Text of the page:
Sk.ArtSPace amplifies voices of local artists

As the director of Media Outreach and Coordination for sk.ArtSpace, Kinna LeBlanc helps to organize art shows in trendy DUMBO warehouses and beyond. However, she will always be a Flatbush girl at heart.
Founded in 2018 by a trio of Brooklyn-based women of color artists — Jarryn Mercer, Melissa Sutherland, and Symone Wong — sk.ArtSpace is an arts incubator primarily focused on providing opportunities to emerging artists.
The organization previously had a dedicated gallery space in East New York, but now works with clients throughout the city to put on shows in a number of venues. Yet as sk.ArtSpace’s work continues to expand, its creative team remains dedicated to their original mission.
“The neighborhood where we had our gallery was predominantly Black,” LeBlanc explained during a recent interview. “So being Black women, it was really important to us to open up a space that our community can just kind of walk into and say, ‘hey, I want to do something here.’
“As an art incubator, today, it’s important for us to provide the same safe space for emerging artists so we’ve incorporated a service by partnering with local small businesses, in Brooklyn, where we curate their spaces with local art,” she added.
LeBlanc, who is currently completing her BMA in Emerging Media Studies at CUNY Hunter College, joined the sk.ArtSpace team in 2019. Recently, she helped organize the third annual Future is Female show, an exhibition dedicated to highlighting the work of Black female artists.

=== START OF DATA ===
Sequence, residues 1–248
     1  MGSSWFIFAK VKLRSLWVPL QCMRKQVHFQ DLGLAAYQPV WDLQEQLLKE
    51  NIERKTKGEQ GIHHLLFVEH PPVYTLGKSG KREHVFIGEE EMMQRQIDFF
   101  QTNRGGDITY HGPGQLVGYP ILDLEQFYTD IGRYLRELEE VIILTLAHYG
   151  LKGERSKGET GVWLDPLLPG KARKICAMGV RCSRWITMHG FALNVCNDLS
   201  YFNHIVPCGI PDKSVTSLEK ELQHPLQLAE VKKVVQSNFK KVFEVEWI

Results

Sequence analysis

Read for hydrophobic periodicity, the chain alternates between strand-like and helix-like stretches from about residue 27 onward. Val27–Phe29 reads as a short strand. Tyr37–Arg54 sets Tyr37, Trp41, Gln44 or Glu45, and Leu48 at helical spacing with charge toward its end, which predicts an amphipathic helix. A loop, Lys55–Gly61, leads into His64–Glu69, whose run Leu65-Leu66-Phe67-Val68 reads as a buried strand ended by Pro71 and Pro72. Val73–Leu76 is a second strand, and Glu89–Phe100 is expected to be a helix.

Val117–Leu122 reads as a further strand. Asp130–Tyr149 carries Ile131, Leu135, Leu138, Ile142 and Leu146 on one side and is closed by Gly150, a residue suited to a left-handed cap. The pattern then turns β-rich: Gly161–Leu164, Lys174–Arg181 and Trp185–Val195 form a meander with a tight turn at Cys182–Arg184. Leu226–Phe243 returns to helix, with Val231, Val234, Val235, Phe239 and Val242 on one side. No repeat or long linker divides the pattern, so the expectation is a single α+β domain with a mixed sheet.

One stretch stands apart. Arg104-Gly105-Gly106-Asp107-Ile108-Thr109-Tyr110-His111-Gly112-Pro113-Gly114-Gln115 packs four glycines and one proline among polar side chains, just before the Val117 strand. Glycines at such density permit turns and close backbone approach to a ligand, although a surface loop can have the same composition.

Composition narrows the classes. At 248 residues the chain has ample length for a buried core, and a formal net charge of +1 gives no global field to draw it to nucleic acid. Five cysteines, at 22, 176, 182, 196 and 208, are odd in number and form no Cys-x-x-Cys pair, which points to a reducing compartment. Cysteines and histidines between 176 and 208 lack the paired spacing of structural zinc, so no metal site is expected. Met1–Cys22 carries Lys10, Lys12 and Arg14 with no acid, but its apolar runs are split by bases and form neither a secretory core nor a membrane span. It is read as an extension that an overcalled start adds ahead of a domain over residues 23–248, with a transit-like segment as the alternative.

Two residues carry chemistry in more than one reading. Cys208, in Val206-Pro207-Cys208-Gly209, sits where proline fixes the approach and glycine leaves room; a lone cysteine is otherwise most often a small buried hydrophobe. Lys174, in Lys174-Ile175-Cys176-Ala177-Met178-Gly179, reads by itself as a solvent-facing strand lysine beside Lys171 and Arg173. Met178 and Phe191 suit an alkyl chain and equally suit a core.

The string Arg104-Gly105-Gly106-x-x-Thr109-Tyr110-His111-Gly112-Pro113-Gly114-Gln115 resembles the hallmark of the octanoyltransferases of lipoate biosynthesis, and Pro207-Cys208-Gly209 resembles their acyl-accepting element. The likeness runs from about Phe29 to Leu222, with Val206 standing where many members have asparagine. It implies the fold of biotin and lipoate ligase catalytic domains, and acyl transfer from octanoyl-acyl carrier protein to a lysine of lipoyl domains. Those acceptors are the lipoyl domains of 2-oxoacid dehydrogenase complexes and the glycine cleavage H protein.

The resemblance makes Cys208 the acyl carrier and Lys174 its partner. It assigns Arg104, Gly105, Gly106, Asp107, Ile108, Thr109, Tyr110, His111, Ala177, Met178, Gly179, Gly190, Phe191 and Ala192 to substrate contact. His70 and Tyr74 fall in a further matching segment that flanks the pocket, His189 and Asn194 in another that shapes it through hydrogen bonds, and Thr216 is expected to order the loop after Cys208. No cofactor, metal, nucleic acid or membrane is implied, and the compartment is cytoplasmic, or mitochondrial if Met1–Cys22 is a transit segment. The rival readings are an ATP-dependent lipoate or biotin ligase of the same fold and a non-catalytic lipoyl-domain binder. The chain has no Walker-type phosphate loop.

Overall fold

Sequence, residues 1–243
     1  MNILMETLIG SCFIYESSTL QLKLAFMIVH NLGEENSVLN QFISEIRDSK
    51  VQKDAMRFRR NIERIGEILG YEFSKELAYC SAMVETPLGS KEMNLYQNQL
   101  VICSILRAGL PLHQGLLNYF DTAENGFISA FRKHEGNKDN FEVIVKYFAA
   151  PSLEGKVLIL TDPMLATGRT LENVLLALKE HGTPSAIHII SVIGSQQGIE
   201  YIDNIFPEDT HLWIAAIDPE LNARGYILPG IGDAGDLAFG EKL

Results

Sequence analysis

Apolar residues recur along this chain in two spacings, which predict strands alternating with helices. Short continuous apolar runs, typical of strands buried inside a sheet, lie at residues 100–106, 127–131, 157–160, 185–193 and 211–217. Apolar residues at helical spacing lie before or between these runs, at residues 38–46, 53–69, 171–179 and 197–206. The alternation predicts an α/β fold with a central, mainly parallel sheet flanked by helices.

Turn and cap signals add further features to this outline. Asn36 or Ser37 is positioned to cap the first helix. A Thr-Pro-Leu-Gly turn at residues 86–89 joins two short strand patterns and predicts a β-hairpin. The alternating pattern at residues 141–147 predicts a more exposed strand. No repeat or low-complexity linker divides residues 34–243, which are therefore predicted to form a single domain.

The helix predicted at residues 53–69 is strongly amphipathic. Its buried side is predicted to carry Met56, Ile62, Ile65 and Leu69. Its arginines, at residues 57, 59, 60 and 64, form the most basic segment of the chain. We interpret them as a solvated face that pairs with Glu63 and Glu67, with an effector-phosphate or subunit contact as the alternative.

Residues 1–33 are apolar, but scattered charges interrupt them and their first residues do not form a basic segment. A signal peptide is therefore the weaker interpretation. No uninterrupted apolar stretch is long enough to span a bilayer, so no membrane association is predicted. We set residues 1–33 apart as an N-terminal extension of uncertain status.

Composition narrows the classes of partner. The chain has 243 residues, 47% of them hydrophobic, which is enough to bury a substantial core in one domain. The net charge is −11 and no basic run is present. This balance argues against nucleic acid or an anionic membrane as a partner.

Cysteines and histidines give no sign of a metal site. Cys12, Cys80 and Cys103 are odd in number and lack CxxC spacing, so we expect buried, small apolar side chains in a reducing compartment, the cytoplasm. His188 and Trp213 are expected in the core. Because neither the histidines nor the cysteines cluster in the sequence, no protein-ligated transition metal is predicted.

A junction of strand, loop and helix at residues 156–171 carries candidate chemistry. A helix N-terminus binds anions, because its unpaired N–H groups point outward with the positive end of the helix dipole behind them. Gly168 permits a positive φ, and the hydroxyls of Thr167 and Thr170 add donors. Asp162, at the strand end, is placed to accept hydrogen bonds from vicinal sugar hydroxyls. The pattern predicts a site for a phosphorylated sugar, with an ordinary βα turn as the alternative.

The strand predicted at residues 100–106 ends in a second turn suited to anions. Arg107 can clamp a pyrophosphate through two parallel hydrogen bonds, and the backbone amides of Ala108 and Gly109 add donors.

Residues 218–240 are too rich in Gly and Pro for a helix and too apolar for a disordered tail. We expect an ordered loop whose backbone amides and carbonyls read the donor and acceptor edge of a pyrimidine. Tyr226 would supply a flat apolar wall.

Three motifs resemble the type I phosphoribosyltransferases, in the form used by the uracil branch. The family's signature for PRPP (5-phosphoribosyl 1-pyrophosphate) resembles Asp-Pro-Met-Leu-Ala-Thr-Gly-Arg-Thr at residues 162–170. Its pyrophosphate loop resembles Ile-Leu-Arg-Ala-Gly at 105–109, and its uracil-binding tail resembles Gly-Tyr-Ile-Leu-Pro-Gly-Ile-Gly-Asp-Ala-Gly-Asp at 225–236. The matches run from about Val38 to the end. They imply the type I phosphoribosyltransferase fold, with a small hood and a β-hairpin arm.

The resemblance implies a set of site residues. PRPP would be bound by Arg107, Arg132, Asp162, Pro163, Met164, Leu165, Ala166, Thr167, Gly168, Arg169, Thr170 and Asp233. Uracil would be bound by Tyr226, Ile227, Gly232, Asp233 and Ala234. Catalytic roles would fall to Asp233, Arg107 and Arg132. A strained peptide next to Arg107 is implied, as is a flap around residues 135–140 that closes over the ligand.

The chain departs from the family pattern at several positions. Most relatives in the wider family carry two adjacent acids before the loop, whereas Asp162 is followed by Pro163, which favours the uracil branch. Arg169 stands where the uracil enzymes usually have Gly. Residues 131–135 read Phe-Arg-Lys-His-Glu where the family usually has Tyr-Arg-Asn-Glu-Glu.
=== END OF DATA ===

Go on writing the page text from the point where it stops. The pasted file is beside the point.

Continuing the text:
This year’s exhibition was curated by local artist Nicolette McClendon, and was on display for nearly a month in the gallery at 175 Pearl Street in Dumbo. For LeBlanc, the 2021 Future is Female show was a perfect opportunity for sk.ArtSpace to show off the work of local talent in the quickly gentrifying landscape of Downtown Brooklyn.
“A lot of these spaces are only now being converted into art spaces, so for us to be some of the first people in here, we were really able to transform the space into something that reflected our identities as Black women,” LeBlanc said. “Every single person that walks through those elevator doors walks out with something new, whether it’s inspiration, a piece of art, or a feeling of pride in themselves.”
All of sk.ArtSpace’s work is extremely collaborative, and LeBlanc made sure to highlight a number of partners who continue to support the incubator’s mission.
“I want to shout out the emerging creatives and notable Brooklyn based artists like Tiffany B. Chanel, Demarcus McGaughey and Ashante Kindle who we’ve worked closely with and who continue to trust our creative vision and also the local Brooklyn businesses, like Brooklyn Blooms Floral Boutique and Lips Cafe, who believe in our curatorial services,” LeBlanc said.
Future is Female was doubly impactful for LeBlanc this year as she had the opportunity to display some of her own artwork in the exhibit. LeBlanc’s piece is a depiction of her mother, an immigrant from Dominica who passed away in 2020.
“I didn’t know I was going to be an artist for this exhibition too,” Leblanc explained. “But now the first thing I see everyday when I come off the elevator is my late mother, and it makes this space feel like home.”
Symbolically, Leblanc officially became a U.S. citizen on September 9, 2021, one day before this year’s Future is Female exhibit opened its doors, honoring her mom’s final wish for her.
“There’s nothing quite like that feeling of being the little immigrant girl from Flatbush and making it here,” LeBlanc said while looking around the DUMBO show room. “This is the stuff that seriously excites me, and I hope to pass it on to the next generation of young female artists and young Black artists.”

For more information about sk.ArtSpace and their upcoming projects, visit

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